Not long ago we discussed the new features of the memory controller in Athlon 64 processors of the E revision, among which we noted the unofficial support of memory types faster than DDR400 SDRAM (for details see our article called AMD Athlon 64 Processors on E Core: Memory Controller Peculiarities in Detail . We came to the conclusion then that it was possible to increase somewhat the performance of Athlon 64 systems by using DDR500 SDRAM. Even though this memory is not standardized by JEDEC, SDRAM module makers are offering many such modules to overclockers and PC enthusiasts.
But AMD is not alone in its supporting, even though unofficially, overclocker-friendly memory modules. Intel follows a similar policy with respect to DDR2 SDRAM: Intel’s new i955X and i945P chipsets formally support memory no faster than DDR2-667 SDRAM, but unofficially they can work with much faster modules.
Thanks to this feature of the new chipsets from Intel, overclocker-friendly modules of DDR2 SDRAM available from such manufacturers as Corsair, OCZ and others, may become very popular among PC enthusiasts. But first we must of course evaluate the performance gains we can expect to get with such memory in comparison with the “ordinary” performance of platforms that use standard DDR2 SDRAM.
In this review you will see a few overclocker-friendly modules of DDR2 capable of working at high frequencies as well as at extremely low timings. We will also use them to check if high-frequency DDR2 SDRAM brings any real gains to modern Pentium 4 systems and if it makes sense to keep the memory timings as low as 3-2-2-8.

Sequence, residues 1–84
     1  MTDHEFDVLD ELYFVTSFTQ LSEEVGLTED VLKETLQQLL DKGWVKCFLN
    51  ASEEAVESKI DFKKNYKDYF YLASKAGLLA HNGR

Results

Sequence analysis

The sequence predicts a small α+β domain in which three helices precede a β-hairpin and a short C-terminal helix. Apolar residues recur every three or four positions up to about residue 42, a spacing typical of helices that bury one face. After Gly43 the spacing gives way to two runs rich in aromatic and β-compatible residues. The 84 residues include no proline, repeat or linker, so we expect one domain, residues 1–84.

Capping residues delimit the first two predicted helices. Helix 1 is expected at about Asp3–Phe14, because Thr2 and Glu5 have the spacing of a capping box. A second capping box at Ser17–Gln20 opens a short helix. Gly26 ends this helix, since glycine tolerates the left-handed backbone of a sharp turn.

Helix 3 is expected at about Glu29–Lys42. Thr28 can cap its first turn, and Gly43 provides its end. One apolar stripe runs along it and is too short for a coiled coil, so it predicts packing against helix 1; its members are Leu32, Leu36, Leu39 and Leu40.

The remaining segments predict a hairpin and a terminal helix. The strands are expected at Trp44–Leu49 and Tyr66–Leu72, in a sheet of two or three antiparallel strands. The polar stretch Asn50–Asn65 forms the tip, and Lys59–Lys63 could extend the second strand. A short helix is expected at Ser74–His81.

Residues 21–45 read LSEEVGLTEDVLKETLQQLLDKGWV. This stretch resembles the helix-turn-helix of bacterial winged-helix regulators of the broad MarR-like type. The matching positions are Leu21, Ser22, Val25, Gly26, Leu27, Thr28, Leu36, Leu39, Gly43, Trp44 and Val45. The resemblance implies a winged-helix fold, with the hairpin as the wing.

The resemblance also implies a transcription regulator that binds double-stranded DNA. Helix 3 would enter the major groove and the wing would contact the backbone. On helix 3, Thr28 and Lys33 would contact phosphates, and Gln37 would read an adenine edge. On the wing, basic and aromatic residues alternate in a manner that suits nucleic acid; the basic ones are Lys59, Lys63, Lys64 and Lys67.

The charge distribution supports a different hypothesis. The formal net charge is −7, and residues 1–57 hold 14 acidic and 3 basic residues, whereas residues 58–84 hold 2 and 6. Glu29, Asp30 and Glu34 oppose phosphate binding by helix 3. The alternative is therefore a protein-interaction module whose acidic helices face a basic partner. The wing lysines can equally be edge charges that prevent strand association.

We should acknowledge as a fact that DDR2 SDRAM isn’t widely accepted as yet. For example, the usage statistics for CPU-Z, a popular tool in the overclocking community, says that DDR2 SDRAM is installed only in 4.2% of all systems this program is launched on. Such a low popularity of this memory type is not to be wondered at just because it hasn’t had any obvious advantages against DDR SDRAM until recently. The next year is going to be a breakthrough for DDR2, however. DDR2-800 SDRAM modules are expected to appear in mass quantities in 2006 and this kind of memory seems to ensure tangible performance advantages in comparison with DDR400 SDRAM. Considering other appealing traits of DDR2 technology like low power consumption and simplified mainboard wiring, this memory type will most likely shatter the market position of DDR1.
A new family of Athlon 64 CPUs intended for the new M2 socket will soon make another favorable factor for DDR2 SDRAM, too. These processors are scheduled to appear in the second quarter of 2006 and will support 667MHz and 800MHz DDR2 SDRAM instead of DDR1 SDRAM. So, our exploration of characteristics of high-speed DDR2 memory modules may be also interesting for people who use the K8 platform, since it is going to add DDR2 support quite soon.
Now that we’ve made sure about the bright perspectives of DDR2 SDRAM, we can examine the products about to be tested.